|OS explorer 373 Iona, Staffa, and the Ross of Mull 1:25000
Distance: 3 miles Time: Approx 2hours
Leave your car in the public car park at Kintra and follow
the road up the hill the same way as you came in. At the top of the hill the
road bears sharp right, at this point you turn left leaving the main road and follow the track
south east through a metal farm gate.
You are on a grassy hillock with good views
to the west and north west of the Isle of Iona, Treshnish Isles, and Staffa. To the south
is the desolate moorland of Creich. Walking a short distance you follow a wall
between two houses east down a grassy slope. At the bottom of the slope turn
right through a gate. On your left you can see the stone track running east to
Braighcreich a deserted, peaceful but well preserved township.
Go through the
gate follow the track and the first ruins are on your right 50 metres up the
hill. Consisting of 4 separate buildings using the local red granite stone lying around for construction whilst also
clearing the ground for agriculture ( this applied to most of the croft houses at
this end of the Ross Of Mull.) On one of the window openings there lies a grinding stone.
Continuing along the track on either side of you there is
much evidence of cultivation, typical of small open field townships organized around
divided into rough areas of land known as runrigs or rigs shared out between
townsfolk and sometimes the landowner), a communal system of farming, labour
intensive, cultivating lazy beds often with hand tools, which formed the basis
Lazy beds were cultivation ridges where the soil between
the ridges was turned into ridges. This area has many small rigs of land divided
by stone and earth boundary walls with lazy beds
within. The best preserved house ruin appears to the left of you on a hill just before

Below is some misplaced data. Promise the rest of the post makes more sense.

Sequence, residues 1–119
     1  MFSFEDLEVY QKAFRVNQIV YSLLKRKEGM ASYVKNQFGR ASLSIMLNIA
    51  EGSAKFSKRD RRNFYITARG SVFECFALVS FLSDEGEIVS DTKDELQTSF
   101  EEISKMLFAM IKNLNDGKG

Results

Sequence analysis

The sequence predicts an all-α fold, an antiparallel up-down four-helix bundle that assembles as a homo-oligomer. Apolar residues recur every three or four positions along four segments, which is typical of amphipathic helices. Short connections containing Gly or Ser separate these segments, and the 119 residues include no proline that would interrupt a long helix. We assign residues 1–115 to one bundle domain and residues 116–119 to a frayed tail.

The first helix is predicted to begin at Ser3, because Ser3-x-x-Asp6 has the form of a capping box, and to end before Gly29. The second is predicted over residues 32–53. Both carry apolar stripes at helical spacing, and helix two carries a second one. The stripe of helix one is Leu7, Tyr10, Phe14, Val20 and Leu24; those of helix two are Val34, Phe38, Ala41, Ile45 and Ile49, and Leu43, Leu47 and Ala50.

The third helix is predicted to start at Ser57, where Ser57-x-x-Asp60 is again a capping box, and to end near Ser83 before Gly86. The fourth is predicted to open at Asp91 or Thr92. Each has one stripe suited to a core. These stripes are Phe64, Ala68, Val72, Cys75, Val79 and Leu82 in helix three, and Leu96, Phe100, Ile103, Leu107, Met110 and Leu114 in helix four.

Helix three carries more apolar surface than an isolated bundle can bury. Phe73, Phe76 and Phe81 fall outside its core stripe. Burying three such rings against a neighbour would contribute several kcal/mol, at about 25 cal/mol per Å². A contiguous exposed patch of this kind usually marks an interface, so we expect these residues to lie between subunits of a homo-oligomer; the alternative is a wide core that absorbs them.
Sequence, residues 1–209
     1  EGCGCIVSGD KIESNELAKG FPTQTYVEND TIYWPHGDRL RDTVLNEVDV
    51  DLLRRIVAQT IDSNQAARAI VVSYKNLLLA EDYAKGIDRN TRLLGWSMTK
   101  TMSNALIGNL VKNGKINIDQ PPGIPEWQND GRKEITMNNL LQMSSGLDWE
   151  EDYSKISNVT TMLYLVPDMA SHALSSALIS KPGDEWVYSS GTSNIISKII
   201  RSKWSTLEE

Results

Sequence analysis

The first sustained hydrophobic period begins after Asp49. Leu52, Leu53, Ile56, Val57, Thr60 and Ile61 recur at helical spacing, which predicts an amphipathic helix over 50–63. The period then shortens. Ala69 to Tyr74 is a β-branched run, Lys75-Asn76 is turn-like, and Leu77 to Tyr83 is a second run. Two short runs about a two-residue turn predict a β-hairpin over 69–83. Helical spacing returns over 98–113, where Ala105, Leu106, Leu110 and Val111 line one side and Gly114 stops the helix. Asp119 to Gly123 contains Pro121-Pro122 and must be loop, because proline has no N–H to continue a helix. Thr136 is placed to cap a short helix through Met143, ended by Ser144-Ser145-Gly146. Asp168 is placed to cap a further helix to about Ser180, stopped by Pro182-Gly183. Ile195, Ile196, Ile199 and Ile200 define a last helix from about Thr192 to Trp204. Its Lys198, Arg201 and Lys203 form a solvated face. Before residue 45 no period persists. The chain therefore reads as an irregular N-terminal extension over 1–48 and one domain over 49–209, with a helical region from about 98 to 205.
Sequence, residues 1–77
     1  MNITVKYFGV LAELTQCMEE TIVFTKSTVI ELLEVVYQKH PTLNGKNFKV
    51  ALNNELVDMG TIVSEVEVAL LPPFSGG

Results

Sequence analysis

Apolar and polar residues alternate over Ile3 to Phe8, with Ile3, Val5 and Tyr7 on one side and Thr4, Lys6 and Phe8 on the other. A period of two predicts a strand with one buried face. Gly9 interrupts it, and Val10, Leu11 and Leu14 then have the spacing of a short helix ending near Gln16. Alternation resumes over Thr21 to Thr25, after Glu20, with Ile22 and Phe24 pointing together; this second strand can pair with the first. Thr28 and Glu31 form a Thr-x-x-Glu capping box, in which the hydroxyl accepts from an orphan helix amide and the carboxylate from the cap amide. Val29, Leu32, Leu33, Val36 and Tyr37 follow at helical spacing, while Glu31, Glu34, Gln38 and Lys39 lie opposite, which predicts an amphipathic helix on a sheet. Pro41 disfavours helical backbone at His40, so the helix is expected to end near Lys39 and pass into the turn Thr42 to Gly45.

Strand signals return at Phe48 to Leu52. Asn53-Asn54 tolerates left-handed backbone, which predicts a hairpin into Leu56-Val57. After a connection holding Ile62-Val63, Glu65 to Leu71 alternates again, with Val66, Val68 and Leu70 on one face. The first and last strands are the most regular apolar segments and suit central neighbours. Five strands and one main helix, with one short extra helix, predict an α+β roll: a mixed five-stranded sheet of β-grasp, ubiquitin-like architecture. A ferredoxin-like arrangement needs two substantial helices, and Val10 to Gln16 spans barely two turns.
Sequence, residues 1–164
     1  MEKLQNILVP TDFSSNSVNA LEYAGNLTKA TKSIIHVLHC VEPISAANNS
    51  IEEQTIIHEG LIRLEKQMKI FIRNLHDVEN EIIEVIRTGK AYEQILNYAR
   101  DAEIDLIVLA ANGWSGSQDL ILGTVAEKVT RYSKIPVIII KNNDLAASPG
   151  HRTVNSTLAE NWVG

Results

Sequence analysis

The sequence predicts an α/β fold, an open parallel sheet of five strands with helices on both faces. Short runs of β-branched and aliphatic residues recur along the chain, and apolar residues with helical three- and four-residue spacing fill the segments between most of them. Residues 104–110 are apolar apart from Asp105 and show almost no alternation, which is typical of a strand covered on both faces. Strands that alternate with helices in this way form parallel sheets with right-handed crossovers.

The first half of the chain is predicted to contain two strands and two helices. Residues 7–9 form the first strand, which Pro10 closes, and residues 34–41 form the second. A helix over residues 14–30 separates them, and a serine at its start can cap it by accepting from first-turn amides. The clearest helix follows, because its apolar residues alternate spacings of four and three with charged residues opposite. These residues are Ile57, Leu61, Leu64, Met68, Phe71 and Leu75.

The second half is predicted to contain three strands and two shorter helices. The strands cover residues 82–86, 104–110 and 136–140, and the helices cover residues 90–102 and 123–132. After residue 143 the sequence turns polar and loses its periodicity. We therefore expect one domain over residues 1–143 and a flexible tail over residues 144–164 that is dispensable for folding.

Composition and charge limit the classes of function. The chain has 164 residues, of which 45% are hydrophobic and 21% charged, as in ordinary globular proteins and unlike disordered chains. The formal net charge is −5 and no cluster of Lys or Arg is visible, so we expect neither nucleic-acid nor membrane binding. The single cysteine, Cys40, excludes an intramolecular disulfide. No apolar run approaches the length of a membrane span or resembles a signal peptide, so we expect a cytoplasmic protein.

the dry stone dyke and gate. This ruin probably was a double cottage for two
families and from here you have a fine view west down the valley towards Creich
Now continue east through the gate in the centre of the
At the centre of the township at the side of the track are
three stones locally known as 'Father, Son, and Holy Ghost'; the belief was that
outdoor rituals were held here and was most likely to be the township meeting place.
Another few hundred yards walk and you arrive at the last
ruin Gortain-a-ghibain set below Beinn Chladan which lies to the south east of
the valley. This ruin has the open fireplace intact and is used by
sheep as shelter.
On looking west from here down the valley, you can see the
newer township of Creich distinctively set against Braighcreich a township from
the past. On this walk you might see, The Duke of Argylls Irish mountain hare, introduced by one
of the dukes and a different species from its cousins on mainland Scotland!
In the bogland to the south and east you will see meadow
pipits and skylarks. Birds of prey include buzzard, hen harrier, merlin and
kestrel. Ravens are also seen. Some of the bog plants that can be seen were used by the
town people as medicine.
At the end of your walk return by the same route or head
east onto the moor beside the fence and join the track to Camus and Market Bay.
Approximately 1 mile further on. Please note both walks combined turn this trip
into quite a hike and you might need to arrange to be picked up at Camus road
These walks are described in another walking section.